Chapter Nine

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Jacob gave the customer her change while his sister handed over the bolt of bright colored cloth. Mama was busy filling another customer’s order. They were certainly doing well in their new business.

The small group of Christians were settling into life in the coastal city of Perga. The voyage from Caesarea, after it’s frightening beginning, had been very calm. They had all felt secure for the first time in a very long time. They knew that soldiers might be waiting for them when they docked, but for the moment, out in the middle of the ocean, they were safe.

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Marcus had long discussions with Zacarias and the other men and sure enough, it wasn’t long before he became a follower of Jesus, too.

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“I’ve never been happier!” said the soldier. “I know  that my life might get very difficult, but all I can think about right now is that my sins are forgiven!”

Finally, upon arriving in Perga, all was quiet. As the Christians left the wharf, they were  relieved  that no one seemed to care who they were and why they were there.

They found Amos’ friends very kind. The group was welcomed into homes, and the believers in Perga helped them find places to live and get work.

Now Jacob looked out into the busy marketplace from their little booth. He thought about the businessman in the Perga church who had trusted them, lending them the money to restart their business. They were doing so well that it wouldn’t take much longer to pay him back.

They missed Father, though. Jacob and Anna worked very hard to take his place in the business. Anna did the housework during the mornings. Jacob went to school with several other boys of The Way, learning mathematics and the languages, as well as the Old Testament Scriptures, with a tutor. Then both children joined Mama in weaving and dying the cloth. But they didn’t mind the work. It was wonderful to be living like normal people again, and making their own money.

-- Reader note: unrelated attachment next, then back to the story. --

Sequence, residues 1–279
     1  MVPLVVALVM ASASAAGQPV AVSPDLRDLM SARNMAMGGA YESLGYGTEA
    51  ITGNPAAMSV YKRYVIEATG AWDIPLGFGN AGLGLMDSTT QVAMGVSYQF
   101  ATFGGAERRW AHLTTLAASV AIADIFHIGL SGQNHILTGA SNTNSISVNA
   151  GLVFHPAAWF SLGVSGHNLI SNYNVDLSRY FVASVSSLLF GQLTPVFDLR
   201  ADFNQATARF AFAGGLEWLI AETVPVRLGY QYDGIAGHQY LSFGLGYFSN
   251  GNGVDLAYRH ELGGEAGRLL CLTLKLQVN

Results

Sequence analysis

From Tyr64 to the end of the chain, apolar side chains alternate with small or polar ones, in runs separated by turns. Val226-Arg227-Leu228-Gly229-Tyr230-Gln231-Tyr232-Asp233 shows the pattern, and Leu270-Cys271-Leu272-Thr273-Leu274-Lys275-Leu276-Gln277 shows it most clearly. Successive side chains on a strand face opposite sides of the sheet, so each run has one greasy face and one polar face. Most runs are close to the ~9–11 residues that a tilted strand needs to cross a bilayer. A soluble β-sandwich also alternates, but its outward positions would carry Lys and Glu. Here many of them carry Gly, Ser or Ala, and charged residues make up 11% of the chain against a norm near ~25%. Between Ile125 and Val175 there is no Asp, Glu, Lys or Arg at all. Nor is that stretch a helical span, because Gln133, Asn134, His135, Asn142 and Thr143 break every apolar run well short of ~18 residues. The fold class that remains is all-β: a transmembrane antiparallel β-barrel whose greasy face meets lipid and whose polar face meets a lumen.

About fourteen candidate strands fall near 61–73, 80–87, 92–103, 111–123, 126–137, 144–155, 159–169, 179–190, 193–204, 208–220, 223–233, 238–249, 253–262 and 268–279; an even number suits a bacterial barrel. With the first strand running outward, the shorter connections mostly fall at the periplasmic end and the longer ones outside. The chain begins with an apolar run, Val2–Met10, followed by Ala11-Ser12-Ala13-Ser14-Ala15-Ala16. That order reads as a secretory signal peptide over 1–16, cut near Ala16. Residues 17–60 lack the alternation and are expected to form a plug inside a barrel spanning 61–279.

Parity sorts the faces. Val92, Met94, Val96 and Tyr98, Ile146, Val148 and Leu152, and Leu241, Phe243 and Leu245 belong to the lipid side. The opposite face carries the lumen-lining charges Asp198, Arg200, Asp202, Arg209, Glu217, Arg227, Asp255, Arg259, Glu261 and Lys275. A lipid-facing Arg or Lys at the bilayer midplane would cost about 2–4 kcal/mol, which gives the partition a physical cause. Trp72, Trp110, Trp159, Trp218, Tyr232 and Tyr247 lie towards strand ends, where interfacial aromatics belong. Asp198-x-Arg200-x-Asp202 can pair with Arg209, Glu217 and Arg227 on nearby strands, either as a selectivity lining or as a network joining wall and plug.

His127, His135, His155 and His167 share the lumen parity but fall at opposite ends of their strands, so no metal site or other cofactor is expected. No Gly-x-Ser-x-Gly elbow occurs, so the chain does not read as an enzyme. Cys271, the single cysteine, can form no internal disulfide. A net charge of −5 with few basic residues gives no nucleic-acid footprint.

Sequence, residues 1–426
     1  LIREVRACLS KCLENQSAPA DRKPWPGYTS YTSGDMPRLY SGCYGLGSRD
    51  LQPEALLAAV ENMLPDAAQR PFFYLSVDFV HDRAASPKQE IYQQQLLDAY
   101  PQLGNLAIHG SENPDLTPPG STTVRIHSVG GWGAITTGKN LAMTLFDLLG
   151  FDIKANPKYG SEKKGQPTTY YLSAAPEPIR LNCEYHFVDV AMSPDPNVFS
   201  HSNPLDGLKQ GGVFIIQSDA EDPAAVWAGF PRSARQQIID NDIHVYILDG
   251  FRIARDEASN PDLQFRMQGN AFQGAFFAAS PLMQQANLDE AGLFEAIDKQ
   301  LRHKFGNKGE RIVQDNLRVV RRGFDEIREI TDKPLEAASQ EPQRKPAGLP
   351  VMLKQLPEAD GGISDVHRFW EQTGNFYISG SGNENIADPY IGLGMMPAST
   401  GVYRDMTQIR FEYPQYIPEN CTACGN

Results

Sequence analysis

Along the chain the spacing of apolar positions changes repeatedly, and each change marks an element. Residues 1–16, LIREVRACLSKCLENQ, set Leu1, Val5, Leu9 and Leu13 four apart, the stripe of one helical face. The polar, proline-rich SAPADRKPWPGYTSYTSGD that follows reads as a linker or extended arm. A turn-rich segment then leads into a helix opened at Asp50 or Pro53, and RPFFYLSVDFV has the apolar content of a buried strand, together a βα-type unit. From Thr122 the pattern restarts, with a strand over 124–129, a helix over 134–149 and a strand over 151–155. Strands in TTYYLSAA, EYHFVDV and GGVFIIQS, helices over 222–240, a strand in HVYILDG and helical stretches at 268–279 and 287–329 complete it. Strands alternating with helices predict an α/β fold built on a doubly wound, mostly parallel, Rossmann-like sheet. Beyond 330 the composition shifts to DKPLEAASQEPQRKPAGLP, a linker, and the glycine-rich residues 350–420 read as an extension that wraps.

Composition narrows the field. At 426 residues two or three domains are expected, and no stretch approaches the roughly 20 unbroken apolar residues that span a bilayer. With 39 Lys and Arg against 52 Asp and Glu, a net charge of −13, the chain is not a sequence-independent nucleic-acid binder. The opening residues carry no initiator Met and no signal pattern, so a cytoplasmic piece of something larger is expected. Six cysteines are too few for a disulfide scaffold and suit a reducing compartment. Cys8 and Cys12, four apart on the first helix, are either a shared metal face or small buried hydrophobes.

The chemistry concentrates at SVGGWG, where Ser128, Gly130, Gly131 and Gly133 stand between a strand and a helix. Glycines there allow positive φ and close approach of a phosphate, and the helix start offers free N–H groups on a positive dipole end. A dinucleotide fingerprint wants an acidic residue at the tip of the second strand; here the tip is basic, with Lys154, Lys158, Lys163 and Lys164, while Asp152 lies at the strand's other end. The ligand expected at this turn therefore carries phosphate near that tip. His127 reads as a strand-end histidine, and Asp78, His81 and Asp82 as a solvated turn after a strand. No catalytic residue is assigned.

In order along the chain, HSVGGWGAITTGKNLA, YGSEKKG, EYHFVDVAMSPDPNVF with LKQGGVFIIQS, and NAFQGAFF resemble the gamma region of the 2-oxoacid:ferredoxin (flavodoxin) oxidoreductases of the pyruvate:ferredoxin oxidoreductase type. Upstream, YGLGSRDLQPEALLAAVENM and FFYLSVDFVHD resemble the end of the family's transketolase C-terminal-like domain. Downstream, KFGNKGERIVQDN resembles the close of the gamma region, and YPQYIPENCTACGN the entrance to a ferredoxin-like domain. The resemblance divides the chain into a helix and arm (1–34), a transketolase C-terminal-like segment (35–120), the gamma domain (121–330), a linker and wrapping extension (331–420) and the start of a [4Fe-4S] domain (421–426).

For the most part, the believers in Perga were able to worship in freedom and safety. Some of the Greek people didn’t like the Christian teachings, and there were Jewish leaders here, too. But they weren’t as cruel and hateful as in Jerusalem.

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Marcus had gone on to his new post in Ephesus, but had promised to visit. He had written several letters already. He told the truth, and was thankful that his commander didn’t mind if he was a Christian as long as he did his job well. There might be trouble later for it was expected that Roman soldiers worship the emperor. But for now all was well. The large church in Ephesus had welcomed him, and he was learning many things about his new God.

Suddenly Jacob’s thoughts were interrupted.

“He’s coming! He’s coming! He’s just outside the city. Don’t forget to come early!  We’re all going to have supper together!”  One of the young girls from the Perga church hopped up and down excitedly outside their booth as she gave this message to Mama; then she ran on to tell others.

Jacob and Anna glanced at each other. Their family wasn’t as excited at the coming of the visitor as the Christians from Perga seemed to be.

“Well, let’s pack up then,” said Mama. “Most everyone’s done shopping for the day, anyway. We need to stop at the house to get the food I prepared for the feast tonight.”  She looked at her children and smiled bravely. “We can do this. I know it’s hard but God has forgiven him, and so can we.”

***